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Both Lungs

By Brent Kostyniuk



As a writer, some of the most interesting columns to do are the ones that respond to questions from readers. This is one of them.

Marie approached me regarding confusion about the Transfiguration. Was Christ’s divinity truly revealed? The question is a timely one. Now, as we prepare for the Nativity, the celebration of Christ entering the world in human form, it is worthwhile to re-examine that moment when he first revealed his divine nature.

Celebrated on Aug. 6, The Holy Transfiguration of Our Lord God and Saviour Jesus Christ is documented in all three synoptic gospels. Accompanied by Peter, John and James, Jesus went up a mountain to pray. Then, as we read in Luke 9, “. . . the appearance of his face changed, and his clothes became as bright as a flash of lightning. Two men, Moses and Elijah, appeared in glorious splendour, talking with Jesus.” Luke records that the apostles were very sleepy, but awoke and “saw his glory and the two men standing with him. As the men were leaving Jesus, Peter said to him, ‘Master, it is good for us to be here. Let us put up three shelters — one for you, one for Moses and one for Elijah.’ ” A cloud then appeared and enveloped them. At that moment a voice came from the cloud, saying, “This is my Son, whom I have chosen; listen to him.”

The Transfiguration was clearly intended to reveal the divinity of Christ to Peter, James, and John so they would understand who it was that would be crucified for them and that his Passion was voluntary. Transfiguration comes 40 days before the Feast of the Exaltation of the Holy Cross. The two feasts are thus connected to remind us of Christ’s voluntary suffering. Eastern theology also tells us that the Transfiguration shows the possibility of our own theosis, or transformative process whose goal is likeness to or union with God. We accomplish this through the effects of katharsis, the purification of mind and body. Moreover, we are taught that theosis is the purpose of human life.

Interestingly, the Transfiguration was witnessed by three disciples and three heavenly witnesses, Moses, Elijah, and the voice of God from heaven. This was in keeping with the Old Testament law of three witnesses required to attest to any fact. “A single witness shall not suffice against a person for any crime or for any wrong in connection with any offence that he has committed. Only on the evidence of two witnesses or of three witnesses shall a charge be established” (Dt 19:15). Thus, Jesus’ divinity was authenticated both in earth and in heaven.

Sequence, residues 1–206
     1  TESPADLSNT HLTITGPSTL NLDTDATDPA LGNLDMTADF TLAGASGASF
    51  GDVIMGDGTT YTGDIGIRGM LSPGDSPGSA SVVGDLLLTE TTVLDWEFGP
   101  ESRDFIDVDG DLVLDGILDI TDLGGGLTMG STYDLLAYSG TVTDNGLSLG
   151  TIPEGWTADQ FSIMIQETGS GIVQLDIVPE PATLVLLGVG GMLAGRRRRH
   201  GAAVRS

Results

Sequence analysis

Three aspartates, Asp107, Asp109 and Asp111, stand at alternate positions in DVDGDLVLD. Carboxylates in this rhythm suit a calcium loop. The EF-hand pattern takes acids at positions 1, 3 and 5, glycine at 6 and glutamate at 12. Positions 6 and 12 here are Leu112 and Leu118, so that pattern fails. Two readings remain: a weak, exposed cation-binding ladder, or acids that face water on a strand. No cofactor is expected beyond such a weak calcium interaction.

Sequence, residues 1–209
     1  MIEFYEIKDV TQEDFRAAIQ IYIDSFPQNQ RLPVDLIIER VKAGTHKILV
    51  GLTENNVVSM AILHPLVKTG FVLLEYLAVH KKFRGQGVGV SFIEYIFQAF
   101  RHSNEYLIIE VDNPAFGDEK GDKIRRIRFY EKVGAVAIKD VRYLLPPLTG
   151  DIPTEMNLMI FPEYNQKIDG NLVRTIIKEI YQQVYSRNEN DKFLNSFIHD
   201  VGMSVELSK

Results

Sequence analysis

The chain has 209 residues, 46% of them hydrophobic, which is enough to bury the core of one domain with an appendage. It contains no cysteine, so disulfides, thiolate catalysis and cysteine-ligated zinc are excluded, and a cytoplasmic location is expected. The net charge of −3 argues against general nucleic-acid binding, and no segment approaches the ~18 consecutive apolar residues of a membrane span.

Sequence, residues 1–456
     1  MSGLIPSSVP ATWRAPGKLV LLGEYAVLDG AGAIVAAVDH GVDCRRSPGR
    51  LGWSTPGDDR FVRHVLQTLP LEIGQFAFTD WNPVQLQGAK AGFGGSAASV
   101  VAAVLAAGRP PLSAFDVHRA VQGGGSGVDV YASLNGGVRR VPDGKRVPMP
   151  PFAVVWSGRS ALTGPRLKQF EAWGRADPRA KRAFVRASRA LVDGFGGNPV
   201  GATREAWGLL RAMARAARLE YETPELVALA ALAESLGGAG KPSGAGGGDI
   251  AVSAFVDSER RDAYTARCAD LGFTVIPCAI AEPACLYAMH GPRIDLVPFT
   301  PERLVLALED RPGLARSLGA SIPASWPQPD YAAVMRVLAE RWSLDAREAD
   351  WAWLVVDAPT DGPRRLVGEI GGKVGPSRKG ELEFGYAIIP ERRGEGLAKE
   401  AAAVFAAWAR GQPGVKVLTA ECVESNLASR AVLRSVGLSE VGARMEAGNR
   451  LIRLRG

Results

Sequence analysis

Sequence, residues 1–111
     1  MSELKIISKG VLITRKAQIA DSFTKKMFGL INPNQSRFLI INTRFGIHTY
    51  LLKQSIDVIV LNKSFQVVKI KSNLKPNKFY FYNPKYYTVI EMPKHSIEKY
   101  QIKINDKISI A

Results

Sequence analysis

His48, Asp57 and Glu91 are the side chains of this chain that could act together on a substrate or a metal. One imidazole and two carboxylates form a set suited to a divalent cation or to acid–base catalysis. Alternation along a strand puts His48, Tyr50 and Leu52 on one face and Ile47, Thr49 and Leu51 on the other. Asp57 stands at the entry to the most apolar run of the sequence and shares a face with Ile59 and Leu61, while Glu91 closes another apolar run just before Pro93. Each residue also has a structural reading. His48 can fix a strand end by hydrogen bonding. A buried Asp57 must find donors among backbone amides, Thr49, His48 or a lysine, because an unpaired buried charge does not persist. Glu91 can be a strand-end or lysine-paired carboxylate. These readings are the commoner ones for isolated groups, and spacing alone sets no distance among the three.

The Greek word for transfigured is metamorpho. It is a verb that means to change into another form, also to change the outside to match the inward reality. Until the Transfiguration, Jesus’ divine nature had been “veiled” (Hebrews 10:20) in human. At the Transfiguration, Peter, James, and John were shown a unique display of Jesus’ divine character and a glimpse of the glory, which Jesus had before all time.

How was this possible? How could human eyes gaze upon God? What form did Jesus take to reveal his divinity? One explanation came from Gregory Palamas (1296-1359), a monk who lived at Mount Athos in Greece, later becoming Archbishop of Thessaloniki. While some theologians believed the light shining from Jesus was created light, Gregory had a different explanation which explained how the apostles were able to actually see God. Gregory maintained Peter, James, and John were given the grace to perceive the uncreated light of God. This theology is in keeping with a further argument of Gregory’s that although we cannot know God in his essence, we can know God in his energies, as he reveals hmself. Moreover, Gregory held that the prophets in fact had greater knowledge of God, because they had actually seen or heard God himself. Moses and the burning bush is a case in point.

In the divine liturgy, shortly before the consecration, the priest prays, “. . . for you are God — ineffable, inconceivable, invisible, incomprehensible, always existing and ever the same.” Yet for the three apostles and, according to Palamas, the unknowable was made known. In keeping with Eastern theology he maintained it remains impossible to know God in his essence — God in himself. However it is possible to know God in his energies (to know what God does, and who God is in relation to the creation and to humanity), as God reveals himself to humanity.

At the Transfiguration, the three apostles experienced the uncreated light of God as Jesus revealed his true divine nature. It was an experience so powerful Peter wanted to set up camp and never leave the spot. The theology of theosis calls us all to transform ourselves and seek to be god-like. Ultimately, according Palamas, it is possible to see that same uncreated light of God with the help of repentance, spiritual discipline and contemplative prayer, and according to God’s will.

During this season of preparation for the Nativity, it is worthwhile to reflect on the Transfiguration and our own transformation, our own theosis.

Kostyniuk, who lives in Edmonton, has a bachelor of theology from Newman and is a freelance writer. He and his wife Bev have been married for 37 years and have eight grandchildren.